TerriLynn Bejcek said the insurance on her 2,500 square foot home — about $2,500 per year — was recently cancelled. When she inquired about getting insurance through the California FAIR Plan, the premium rose to $9,622 per year.

According to the California FAIR Plan website, “The California FAIR plan Association was established to meet the needs of California homeowners unable to find insurance in the traditional marketplace. The FAIR Plan is not a state agency, nor it it a public entity. There is no public or taxpayer funding. The FAIR Plan is a syndicated fire insurance pool comprised of all insurers licensed to conduct property/casualty business in California … All licensed property/casualty insurers that write basic property insurance required by Insurance Code sections 100g1(a) are members of the FAIR Plan. The FAIR Plan issues policies on behalf of its member companies. Each member company participates in the profits, losses and expenses of the Plan in direct proportion to its market share of business written in the state.”

Not a state agency or a public entity? So what exactly is the FAIR Plan Association, Bejcek wonders.

She also wonders how in the world can the insurance companies cancel and/or quit selling insurance through the normal marketplace in California, but then join together to sell the same people they denied the very same insurance at four or five times the premium? Sounds like a great deal for the insurance companies!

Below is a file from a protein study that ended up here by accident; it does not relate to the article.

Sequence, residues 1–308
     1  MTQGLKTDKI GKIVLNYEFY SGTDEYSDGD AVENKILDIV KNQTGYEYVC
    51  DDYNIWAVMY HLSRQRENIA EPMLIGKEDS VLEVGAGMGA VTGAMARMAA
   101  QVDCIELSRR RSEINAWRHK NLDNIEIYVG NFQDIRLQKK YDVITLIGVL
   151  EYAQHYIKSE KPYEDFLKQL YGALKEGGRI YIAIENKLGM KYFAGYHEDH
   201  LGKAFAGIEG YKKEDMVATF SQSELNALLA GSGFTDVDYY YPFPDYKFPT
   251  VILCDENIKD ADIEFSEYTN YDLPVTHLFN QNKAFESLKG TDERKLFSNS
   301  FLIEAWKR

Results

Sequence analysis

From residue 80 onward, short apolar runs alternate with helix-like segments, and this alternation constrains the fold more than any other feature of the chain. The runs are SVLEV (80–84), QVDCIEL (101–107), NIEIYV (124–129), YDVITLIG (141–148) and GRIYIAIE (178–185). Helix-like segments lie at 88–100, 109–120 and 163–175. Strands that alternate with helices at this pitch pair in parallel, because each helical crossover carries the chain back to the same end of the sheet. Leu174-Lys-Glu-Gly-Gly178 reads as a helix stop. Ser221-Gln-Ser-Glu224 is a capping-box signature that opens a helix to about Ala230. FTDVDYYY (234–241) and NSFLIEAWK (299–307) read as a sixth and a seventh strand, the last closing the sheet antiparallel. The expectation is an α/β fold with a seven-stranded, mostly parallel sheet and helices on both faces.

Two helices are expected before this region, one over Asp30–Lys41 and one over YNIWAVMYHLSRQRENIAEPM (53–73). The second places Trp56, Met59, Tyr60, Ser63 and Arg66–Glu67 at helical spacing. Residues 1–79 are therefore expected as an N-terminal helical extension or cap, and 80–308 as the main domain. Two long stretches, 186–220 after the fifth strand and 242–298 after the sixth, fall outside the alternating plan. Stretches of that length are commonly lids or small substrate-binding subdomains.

“I’m not going to play that game,” she said.

According to the FAIR Plan website, it is a “temporary safety net. In the last decade, more Californians have turned to the FAIR Plan as wildfires have devastated California and some insurers have pulled back from these markets. While we will support homeowners regardless of a property’s fire risk, unlike traditional insurers, our goal is attrition. For most homeowners, the FAIR Plan is a temporary safety net — here to support them until coverage offered by a traditional carrier becomes available. We lead with our customer’s interests at heart and reach success when we are no longer needed.”

Bejcek also couldn’t make sense of this apparent discrepancy. Is joining the FAIR Plan Association an option or is it required?

“If you’re a licensed broker or agent and interested in placing business with the FAIR Plan, you’ll need to submit a New Broker Information Form,” according to the FAIR Plan website, but in another place it reads, “In accordance with California Insurance Code section 10095, every insurer licensed to write or engaged in writing basic property insurance in the state of California on a direct basis, shall be a member of the California FAIR Plan Association. Every insurer shall be a member as a condition of its authority to transact basic property insurance in the state.”

Bejcek said she will continue to question and investigate until she finds the answers or the problem is resolved. She said her family faces the same issues at the dozen or so rentals they have, most of them in the Janesville area. She said the risk to those investments — her family’s retirement — is nearly unbearable.